Dave Brubeck at Monterey: Six Decades of Excellence — An Exhibition

In 2013, the 56th Monterey Jazz Festival hosted an exhibit in the Coffee House Gallery about Dave Brubeck's performances at the Monterey Jazz Festival from 1958-2009, his involvement with the development of the festival with founder Jimmy Lyons, and the legacy of Brubeck's work as seen through photographs, artifacts, the media, and from those who knew him well. This is an online adaptation of that exhibit.

Introduction

The Lasting Legacy of Dave Brubeck
By Jeff Kaliss

This article appeared in the 56th Monterey Jazz Festival program in 2013.

The family values which Dave Brubeck (1920-2012) engendered in his music reach far beyond the six children he and his wife Iola brought into the world, four of who became musicians and two of who are helping celebrate their father’s legacy this year at Monterey. When he appeared here at the Festival Dave treated us like family — with warmth, wisdom, and an ever-present paternal twinkle. And he’s left us a legacy not only in the form of timeless compositions and recordings, but also a living model of passion for jazz and for its power to educate and elevate our consciousness.

Photo: Dave Brubeck at the 28th Monterey Jazz Festival in 1985. ©Monterey Jazz Festival Archives / Veryl Oakland

Chris Brubeck, the third-born son and now a 60-year-old father himself, visited Monterey with his dad during Chris’s and the Festival’s early years. “As far as Dave was concerned, [the Festival] was just like a big giant family that he was reconnecting with,” Chris shares. “He’d say, ‘You’re on the road all the time, and then you go to a festival, and you finally see these people you haven’t seen in years.’ Your friendships all reconnect, including the people who run the stages, and the staff. And my dad was incredibly kind-hearted, and almost never said a bad word about anyone” — so he had lots of friends.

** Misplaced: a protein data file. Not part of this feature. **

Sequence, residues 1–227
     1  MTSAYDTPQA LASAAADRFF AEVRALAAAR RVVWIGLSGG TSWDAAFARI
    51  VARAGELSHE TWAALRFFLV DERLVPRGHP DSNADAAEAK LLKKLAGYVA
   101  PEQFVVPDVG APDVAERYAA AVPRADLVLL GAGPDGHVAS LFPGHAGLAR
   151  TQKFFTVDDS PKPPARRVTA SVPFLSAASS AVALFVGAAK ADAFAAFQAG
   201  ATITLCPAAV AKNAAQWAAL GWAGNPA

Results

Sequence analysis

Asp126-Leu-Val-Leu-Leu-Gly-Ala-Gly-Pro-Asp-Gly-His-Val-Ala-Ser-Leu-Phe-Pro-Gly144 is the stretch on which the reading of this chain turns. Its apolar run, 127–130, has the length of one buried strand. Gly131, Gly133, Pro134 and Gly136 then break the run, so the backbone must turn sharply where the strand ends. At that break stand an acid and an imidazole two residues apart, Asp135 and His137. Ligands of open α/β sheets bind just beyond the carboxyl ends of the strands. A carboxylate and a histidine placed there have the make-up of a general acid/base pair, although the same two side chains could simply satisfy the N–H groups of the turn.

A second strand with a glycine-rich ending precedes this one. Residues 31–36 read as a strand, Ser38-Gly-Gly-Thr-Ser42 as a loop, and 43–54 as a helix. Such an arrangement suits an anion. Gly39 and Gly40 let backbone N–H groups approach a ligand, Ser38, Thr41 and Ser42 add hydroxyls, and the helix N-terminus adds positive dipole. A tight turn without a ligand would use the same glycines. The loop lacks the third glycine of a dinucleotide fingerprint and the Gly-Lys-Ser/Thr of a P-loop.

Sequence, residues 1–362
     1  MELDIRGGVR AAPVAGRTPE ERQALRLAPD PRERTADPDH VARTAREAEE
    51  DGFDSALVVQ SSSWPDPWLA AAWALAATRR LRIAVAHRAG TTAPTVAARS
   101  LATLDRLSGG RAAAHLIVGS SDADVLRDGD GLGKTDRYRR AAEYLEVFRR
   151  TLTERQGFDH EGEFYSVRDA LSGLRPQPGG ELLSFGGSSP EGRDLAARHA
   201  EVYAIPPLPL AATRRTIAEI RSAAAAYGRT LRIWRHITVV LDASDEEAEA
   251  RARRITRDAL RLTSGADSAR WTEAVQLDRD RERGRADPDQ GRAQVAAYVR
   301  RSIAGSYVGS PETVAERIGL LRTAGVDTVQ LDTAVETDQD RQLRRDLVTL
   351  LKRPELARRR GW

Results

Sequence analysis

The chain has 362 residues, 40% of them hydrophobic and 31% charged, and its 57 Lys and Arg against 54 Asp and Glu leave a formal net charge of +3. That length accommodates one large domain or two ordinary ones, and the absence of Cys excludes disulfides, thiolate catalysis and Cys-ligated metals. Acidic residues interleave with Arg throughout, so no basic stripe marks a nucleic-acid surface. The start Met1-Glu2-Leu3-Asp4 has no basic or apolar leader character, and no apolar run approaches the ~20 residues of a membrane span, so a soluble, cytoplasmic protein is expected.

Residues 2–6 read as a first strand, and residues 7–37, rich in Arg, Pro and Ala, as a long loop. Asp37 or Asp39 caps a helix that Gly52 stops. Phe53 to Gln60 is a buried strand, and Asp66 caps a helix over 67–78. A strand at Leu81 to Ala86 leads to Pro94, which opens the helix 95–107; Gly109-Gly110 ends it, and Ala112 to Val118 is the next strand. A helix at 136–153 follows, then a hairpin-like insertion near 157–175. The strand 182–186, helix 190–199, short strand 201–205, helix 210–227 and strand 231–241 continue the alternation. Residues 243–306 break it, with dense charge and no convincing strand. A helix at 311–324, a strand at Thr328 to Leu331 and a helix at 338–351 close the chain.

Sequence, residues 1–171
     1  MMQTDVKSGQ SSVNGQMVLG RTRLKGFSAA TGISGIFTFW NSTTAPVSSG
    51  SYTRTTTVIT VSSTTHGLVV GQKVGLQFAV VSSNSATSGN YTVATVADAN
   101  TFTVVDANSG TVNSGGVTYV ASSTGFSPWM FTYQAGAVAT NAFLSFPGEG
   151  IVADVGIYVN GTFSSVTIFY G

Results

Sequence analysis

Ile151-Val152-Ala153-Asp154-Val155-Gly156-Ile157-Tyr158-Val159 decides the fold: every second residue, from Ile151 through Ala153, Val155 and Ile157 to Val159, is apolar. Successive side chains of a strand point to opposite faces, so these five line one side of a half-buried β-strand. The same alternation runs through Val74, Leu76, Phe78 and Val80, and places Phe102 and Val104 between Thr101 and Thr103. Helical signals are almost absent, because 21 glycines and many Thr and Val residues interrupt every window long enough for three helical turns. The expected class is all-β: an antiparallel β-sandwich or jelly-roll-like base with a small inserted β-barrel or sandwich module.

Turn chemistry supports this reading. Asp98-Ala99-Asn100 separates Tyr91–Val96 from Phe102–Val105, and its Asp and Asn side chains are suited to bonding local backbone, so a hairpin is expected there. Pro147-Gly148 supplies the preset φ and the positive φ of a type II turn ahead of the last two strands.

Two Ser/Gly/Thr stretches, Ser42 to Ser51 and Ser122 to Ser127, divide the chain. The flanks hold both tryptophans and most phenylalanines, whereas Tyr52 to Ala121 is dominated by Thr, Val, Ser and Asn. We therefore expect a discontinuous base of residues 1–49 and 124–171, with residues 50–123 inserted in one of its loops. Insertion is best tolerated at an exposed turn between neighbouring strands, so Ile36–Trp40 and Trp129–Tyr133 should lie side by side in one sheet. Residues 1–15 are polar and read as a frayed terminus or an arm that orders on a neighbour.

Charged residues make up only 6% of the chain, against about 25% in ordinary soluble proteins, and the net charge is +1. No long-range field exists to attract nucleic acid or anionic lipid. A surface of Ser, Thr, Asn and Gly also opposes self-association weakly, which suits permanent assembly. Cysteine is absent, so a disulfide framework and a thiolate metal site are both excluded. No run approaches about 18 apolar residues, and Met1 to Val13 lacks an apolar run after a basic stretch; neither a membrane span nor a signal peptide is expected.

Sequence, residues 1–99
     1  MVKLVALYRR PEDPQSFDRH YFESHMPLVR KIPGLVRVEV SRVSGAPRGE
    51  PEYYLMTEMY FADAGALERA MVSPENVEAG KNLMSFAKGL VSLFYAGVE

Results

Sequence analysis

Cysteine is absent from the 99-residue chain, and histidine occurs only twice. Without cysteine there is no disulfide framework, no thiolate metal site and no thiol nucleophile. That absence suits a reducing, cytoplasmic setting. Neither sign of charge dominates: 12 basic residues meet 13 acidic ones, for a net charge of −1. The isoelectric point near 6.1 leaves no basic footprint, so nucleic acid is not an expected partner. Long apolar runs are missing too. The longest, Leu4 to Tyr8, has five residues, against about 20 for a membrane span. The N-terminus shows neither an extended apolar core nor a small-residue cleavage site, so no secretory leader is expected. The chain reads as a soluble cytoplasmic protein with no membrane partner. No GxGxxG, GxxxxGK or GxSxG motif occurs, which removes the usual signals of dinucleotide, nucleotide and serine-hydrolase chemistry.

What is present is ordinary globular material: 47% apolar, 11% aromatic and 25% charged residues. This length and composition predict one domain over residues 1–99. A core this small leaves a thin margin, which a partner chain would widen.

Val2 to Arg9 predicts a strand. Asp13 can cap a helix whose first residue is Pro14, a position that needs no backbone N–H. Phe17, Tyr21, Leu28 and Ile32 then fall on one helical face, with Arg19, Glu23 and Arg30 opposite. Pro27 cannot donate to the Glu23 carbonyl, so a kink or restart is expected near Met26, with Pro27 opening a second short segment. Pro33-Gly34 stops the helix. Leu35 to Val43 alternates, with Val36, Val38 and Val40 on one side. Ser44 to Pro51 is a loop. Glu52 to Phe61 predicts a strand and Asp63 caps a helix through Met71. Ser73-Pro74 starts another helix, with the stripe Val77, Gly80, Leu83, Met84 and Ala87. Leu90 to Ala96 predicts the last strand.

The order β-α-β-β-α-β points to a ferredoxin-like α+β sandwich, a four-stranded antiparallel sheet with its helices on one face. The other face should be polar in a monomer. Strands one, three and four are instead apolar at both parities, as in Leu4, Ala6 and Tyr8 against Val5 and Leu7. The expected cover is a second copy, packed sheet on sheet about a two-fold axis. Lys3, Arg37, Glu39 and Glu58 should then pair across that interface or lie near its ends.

The bonhomie and the connections to music and Monterey County date back two generations for the Brubeck family, to Dave’s raising in the Sierra Foothills, in the 1920s and ‘30s, by Elizabeth Ivey Brubeck, a classically-trained pianist and music teacher, and Peter Brubeck, a rancher who also played harmonica and was a champion rider, stopping at Salinas on the rodeo circuit.

Three of their sons pursued music, with Dave, the youngest, graduating from what was then called the College of the Pacific, in Stockton, and marrying his campus sweetheart, Iola Whitlock, before being drafted and leading General George S. Patton’s army service band during World War II. Dave left the service and continued studying music on the GI Bill at Mills College in Oakland, where French composer Darius Milhaud taught him composition and gave him private lessons for free. It was a good place and time for discovery, and for starting a family of Baby Boomers; Dave and Iola’s first son (and future keyboardist and international educator) was dubbed “Darius” in 1947.

Starting in 1946, Dave and several of his Mills mates — dubbed the “Octet” — began melding jazz with classical music, long before Gunther Schuller coined the term “Third Stream” over a decade later. During this time, Dave enlarged both his family and his career, recording and gigging in clubs around the Bay Area.

His early fans included architecture student Dave Thorne, who designed for him a mid-century modern home in the Oakland Hills; San Francisco Chronicle music critic Ralph J. Gleason, who had the first syndicated jazz column in the United States; and Jimmy Lyons, a radio broadcaster fond of featuring Dave on his KNBC show, “Lyons’ Busy,” the first live radio show to concentrate on modern jazz on the West Coast. Dave even wrote the show’s self-titled theme song.